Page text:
Chinese stimulus boosts global investor sentiment
Local and global equity markets rose this week after the Chinese central bank injected significant stimulus into the economy a lot earlier than most expected.
The Chinese equity market fell sharply earlier in the week on Coronavirus concerns before recovering some of the losses after the government injected significant stimulus into the economy and banned short selling.
Tesla’s share price rose more than 40% during the week, before falling more than 20% on concerns regarding a Chinese production slowdown due to Coronavirus. During the share price rise, the company’s market capitalisation became larger than the combined market capitalisation of General Motors, Ford, and Fiat Chrysler. In contrast, Tesla’s annual car production is achieved by those combined companies each week.
In local stock news, Coles has upgraded guidance after reporting an increase in sales during the 1st half of the year, with sales growth of 3.6% in the 2nd quarter and 2% over the half.
Downward pressure on oil prices continued this week on concerns regarding the impact of Coronavirus on economic activity
The RBA left the cash rate unchanged at 0.75% at their February meeting, preferring to wait and see how the rate cuts from last year progress through the economy, whilst reconfirming their intentions to provide more stimulus if required.
The RBA governor expects the summer’s bushfires to hurt December and March quarter economic growth figures, but is sticking to the bank’s 2020 growth outlook as they believe government grants and insurance payouts will assist with the rebuild. Time will tell. The full impact of the Coronavirus on the economy has yet to be felt.
Australian retail sales fell in December as expected, following November’s strong result which confirmed consumers had brought forward their Christmas spending. December sales were also adversely affected by the bushfires and associated smoke haze.
US factory activity rebounded in January, after contracting for 5 straight months, with a surge in new orders. A jobs report also showed a jump in private sector jobs in January, with the biggest monthly increase since May 2015.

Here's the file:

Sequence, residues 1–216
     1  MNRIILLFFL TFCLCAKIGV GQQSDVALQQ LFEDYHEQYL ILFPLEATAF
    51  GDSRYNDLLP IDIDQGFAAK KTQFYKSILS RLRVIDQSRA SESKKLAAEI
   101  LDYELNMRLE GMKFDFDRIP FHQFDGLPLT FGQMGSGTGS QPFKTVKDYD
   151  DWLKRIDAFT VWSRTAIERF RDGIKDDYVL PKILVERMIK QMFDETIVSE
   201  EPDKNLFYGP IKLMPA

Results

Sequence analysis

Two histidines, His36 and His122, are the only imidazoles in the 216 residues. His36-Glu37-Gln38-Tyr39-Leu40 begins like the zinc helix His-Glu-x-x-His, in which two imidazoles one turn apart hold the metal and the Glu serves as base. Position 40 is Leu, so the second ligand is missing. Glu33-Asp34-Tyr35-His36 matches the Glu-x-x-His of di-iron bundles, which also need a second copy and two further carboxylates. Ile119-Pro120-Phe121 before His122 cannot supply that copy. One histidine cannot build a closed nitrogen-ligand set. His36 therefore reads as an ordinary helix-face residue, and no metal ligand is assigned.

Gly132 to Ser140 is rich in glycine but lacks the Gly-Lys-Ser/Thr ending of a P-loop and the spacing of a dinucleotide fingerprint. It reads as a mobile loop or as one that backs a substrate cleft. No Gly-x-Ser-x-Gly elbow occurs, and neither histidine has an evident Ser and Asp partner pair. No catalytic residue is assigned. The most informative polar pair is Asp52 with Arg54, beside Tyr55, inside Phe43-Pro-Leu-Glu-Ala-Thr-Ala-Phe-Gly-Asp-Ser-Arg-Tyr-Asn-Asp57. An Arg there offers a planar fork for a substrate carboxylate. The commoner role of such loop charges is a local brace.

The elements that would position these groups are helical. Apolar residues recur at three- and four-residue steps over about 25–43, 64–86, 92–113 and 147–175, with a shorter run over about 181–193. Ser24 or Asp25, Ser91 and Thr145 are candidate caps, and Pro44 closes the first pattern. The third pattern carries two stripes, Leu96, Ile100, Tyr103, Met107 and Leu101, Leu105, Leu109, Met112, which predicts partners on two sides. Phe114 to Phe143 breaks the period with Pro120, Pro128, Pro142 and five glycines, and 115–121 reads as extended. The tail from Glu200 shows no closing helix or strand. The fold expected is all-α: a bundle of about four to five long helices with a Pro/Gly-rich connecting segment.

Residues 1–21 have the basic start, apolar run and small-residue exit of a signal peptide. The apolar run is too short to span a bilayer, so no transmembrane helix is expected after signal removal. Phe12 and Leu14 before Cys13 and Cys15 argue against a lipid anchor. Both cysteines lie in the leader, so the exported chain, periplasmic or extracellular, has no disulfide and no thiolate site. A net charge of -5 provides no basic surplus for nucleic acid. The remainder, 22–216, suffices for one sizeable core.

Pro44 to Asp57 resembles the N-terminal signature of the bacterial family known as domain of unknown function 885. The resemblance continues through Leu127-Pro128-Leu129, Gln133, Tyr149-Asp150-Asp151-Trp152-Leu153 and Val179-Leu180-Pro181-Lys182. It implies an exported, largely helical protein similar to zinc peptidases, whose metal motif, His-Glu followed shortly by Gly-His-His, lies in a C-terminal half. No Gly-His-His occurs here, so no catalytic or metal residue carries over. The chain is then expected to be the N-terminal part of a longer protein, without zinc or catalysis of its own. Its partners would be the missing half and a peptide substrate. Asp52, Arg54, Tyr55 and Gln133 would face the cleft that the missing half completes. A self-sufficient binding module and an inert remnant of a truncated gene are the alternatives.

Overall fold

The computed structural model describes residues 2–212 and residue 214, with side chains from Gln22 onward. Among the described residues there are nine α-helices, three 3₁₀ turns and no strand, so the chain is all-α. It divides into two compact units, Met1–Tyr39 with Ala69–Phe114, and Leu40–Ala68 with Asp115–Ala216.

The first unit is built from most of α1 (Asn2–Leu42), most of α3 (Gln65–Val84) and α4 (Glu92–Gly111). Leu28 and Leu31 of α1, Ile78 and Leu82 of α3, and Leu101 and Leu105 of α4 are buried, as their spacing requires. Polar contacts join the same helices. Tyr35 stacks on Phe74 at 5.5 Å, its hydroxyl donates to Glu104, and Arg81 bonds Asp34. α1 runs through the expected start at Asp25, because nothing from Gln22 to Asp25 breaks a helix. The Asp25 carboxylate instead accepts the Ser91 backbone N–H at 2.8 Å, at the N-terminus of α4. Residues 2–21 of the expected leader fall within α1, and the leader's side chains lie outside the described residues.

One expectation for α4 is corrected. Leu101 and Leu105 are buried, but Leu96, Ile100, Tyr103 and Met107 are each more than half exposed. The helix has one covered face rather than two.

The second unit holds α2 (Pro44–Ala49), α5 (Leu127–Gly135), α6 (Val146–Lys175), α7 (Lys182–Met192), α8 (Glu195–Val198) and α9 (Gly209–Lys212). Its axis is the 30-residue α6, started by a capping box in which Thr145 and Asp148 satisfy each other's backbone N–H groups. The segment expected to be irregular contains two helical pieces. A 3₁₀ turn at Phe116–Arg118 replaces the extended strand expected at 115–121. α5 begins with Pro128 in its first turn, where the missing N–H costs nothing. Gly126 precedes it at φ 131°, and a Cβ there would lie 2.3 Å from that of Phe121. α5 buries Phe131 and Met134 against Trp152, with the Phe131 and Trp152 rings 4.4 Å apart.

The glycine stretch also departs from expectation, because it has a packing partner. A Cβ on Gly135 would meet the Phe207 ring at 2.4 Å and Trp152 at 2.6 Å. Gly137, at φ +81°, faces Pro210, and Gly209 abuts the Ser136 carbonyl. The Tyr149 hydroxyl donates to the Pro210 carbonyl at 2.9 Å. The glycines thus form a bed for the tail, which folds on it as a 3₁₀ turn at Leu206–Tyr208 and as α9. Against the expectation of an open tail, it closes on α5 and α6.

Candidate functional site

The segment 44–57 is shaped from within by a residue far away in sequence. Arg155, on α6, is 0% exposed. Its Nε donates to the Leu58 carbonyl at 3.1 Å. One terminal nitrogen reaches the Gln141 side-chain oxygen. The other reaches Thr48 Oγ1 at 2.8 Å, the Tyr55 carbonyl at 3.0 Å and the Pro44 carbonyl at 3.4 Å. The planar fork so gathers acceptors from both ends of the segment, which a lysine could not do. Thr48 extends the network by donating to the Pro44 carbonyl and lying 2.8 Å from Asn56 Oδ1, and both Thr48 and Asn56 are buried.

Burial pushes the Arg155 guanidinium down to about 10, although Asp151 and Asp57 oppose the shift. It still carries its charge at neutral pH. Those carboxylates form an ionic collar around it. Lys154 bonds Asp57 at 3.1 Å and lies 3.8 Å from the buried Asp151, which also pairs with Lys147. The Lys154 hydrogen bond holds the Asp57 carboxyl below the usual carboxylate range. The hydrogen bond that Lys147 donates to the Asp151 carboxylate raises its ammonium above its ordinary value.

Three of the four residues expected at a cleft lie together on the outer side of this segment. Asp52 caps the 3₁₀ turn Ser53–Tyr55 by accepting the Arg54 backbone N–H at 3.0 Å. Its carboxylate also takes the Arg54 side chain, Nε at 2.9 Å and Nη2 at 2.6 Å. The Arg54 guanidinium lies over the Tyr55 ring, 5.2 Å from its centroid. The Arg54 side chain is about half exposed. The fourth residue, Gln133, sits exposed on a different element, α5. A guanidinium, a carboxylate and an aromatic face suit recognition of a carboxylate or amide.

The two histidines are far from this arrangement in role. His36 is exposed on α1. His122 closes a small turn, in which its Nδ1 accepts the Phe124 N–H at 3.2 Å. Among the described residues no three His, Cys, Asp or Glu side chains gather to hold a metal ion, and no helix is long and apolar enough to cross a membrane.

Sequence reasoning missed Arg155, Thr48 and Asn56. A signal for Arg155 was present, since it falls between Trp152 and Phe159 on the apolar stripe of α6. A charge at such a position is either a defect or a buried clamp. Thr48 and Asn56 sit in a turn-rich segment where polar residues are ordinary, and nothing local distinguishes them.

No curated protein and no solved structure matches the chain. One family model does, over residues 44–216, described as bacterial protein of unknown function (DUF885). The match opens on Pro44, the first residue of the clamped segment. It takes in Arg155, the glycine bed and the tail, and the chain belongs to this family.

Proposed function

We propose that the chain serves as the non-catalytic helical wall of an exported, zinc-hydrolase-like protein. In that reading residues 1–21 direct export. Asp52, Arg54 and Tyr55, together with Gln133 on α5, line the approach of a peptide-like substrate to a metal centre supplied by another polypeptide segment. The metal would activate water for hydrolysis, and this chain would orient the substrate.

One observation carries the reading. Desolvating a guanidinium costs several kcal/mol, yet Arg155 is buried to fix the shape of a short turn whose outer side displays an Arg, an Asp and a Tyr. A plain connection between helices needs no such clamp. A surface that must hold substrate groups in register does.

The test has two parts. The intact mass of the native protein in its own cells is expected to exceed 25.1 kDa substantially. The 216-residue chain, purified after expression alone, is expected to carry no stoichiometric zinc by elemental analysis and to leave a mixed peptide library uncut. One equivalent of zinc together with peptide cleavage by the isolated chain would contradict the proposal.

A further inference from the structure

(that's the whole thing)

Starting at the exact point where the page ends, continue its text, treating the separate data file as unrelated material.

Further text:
US consumer spending rose steadily in December, increasing in line with expectations, whilst household inflation grew strongly in December with the biggest gain since April.
Eurozone economic growth has slowed again with the Italian economy now contracting, whilst core inflation slowed more than expected to 1.1%.
Eurozone retail sales have also fallen sharply in December, pushing the year on year growth down to a weak 1.3%.
The Chinese central bank is injecting $364bn of liquidity into the economy and has cut interest rates, with expectations rising of another cut later this month.
China’s manufacturing sector recorded a small dip in January whilst the country’s services sector activity ticked up.
US President Trump was acquitted by the Senate of impeachment, with a majority voting in his favour on both charges, which fell well short of the two-thirds majority needed to impeach him.
The US election engine got serious this week with the much anticipated Iowa primaries which have historically been a leading indicator as to who leads each party into the presidential election. President Trump is well ahead on the Republican side whilst the Democrats have Pete Buttigieg and Bernie Sanders tied at the top, with Joe Biden well behind at this stage. Still too early to tell for the Democrats.
The World Health Organisation director general has said that there was no reason for any measures that “unnecessarily interfere with international trade and travel”, which is in stark contrast to the significant measures already taken by governments and corporates globally. Total reported cases are now more than 28,000 with 567 reported deaths.
Authorities in China have extended the Lunar New Year holiday break well into February to try and keep people at home and reduce the spread of the virus. The reduction in Chinese economic activity and consumption will likely be felt around the world, something the world hasn’t seen for many decades.
UK Prime Minister Boris Johnson said there was no need for the UK to follow EU rules as part of a future trade deal and that his government wanted a free trade deal with the EU. The EU’s chief Brexit negotiator said they were ready to offer a sweet trade deal with zero tariffs, but it would be dependent on the UK aligning with EU standards
Weekly market updates are written by Chris Lioutas. Chris is on the board of Peer Wealth X Futuro Investment Committee. View LinkedIn
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